The Body: Accessing and Integrating Implicit Processes for Treating Trauma
Lee, Soo Sen
MetadataShow full item record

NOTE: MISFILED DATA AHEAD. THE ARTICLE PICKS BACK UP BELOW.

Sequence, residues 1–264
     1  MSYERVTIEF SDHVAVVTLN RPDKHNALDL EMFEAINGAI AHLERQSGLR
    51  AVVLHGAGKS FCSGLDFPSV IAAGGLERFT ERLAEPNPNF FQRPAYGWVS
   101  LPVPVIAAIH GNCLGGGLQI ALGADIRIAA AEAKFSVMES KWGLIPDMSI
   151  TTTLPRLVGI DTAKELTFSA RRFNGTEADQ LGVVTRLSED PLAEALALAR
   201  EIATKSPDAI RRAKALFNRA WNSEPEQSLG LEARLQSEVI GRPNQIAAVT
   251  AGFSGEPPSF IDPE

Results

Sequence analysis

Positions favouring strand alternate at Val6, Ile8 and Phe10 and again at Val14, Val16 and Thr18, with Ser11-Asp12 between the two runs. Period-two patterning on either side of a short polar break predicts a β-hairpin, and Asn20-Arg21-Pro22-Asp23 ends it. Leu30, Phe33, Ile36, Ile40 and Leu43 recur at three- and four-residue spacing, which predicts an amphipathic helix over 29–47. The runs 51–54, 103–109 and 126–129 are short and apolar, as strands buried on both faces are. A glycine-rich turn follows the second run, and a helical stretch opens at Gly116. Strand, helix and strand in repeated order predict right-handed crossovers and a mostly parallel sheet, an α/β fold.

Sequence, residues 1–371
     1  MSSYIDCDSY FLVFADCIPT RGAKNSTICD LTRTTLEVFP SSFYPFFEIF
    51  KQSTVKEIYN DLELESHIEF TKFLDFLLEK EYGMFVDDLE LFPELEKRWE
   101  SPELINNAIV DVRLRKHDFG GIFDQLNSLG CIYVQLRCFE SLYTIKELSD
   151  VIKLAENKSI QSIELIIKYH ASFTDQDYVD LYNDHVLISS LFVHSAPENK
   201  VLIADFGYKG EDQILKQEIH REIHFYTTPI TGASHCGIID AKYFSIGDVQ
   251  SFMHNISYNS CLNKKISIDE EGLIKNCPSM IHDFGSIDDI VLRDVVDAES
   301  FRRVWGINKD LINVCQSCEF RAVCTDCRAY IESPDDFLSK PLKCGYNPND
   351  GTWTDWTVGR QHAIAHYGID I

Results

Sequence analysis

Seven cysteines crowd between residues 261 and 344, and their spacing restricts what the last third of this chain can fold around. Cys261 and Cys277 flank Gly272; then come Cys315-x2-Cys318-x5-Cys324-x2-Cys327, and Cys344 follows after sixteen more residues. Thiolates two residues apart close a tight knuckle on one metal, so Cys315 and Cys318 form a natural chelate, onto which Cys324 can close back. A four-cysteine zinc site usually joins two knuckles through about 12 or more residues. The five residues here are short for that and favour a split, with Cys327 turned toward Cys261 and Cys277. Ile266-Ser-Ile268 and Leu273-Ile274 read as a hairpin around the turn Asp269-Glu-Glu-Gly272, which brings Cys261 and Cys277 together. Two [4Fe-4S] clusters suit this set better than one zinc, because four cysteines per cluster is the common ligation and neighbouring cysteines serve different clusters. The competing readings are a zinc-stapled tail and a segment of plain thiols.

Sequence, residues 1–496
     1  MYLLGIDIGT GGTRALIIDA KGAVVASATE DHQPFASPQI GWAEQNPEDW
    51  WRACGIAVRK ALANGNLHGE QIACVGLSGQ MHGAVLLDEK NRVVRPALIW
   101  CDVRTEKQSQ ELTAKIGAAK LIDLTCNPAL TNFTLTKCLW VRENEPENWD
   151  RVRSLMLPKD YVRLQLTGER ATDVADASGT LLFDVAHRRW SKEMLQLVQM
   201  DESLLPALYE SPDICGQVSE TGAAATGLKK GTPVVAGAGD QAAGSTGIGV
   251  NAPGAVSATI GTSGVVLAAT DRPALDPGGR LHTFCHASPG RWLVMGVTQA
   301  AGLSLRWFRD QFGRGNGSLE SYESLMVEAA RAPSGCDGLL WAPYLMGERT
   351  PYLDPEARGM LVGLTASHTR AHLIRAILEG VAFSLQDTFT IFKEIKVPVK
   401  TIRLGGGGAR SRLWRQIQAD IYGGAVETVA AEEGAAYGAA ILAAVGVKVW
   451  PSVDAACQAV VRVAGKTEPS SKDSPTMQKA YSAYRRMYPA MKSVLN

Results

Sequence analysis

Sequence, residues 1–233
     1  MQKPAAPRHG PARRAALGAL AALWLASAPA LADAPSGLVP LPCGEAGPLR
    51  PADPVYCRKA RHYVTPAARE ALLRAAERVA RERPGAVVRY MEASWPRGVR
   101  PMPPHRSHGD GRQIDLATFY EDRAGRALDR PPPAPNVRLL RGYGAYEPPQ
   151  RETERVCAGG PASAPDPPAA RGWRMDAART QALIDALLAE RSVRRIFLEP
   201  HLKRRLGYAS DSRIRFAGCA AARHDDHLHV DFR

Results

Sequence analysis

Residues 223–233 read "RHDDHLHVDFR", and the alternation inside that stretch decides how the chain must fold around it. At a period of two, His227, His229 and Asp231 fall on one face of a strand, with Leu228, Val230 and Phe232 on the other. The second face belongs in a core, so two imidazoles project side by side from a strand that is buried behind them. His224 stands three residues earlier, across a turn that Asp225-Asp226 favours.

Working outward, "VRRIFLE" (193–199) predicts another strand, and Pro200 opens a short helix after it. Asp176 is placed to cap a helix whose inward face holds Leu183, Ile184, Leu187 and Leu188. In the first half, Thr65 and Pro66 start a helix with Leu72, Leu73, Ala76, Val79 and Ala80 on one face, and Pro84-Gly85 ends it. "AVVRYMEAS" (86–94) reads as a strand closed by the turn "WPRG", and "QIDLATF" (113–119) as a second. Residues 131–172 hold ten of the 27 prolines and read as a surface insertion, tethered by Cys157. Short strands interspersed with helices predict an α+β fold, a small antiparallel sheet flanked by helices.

Individuals exposed to trauma, especially complex trauma, experience relentless suffering unless effectively treated. Unfortunately, current “go-to” trauma treatment modalities, like traumainformed cognitive behaviour therapy and eye-movement desensitization reprocessing, have reported various limitations for this group of patients. One reason is the cognitive-based nature of the treatments and their sole focus on the explicit components of trauma. Traumatic symptoms consist of both explicit as well as implicit components that arise from psycho-social-emotional as well as neurophysiological sources. To ignore the implicit neurophysiological roots of trauma is to ignore the risk of retraumatization. In this capstone, I introduce an emerging group of therapies, called the somatic therapies, that have shown much promise in addressing the implicit aspects of traumatic symptoms with very low risk of retriggering unwanted symptoms. Somatic therapies are able to do so because they involve the body in all aspects of its work of healing. Various benefits of this approach are delineated in the essay below followed by the proposal of a model to guide those interested in pursuing competence in this modality.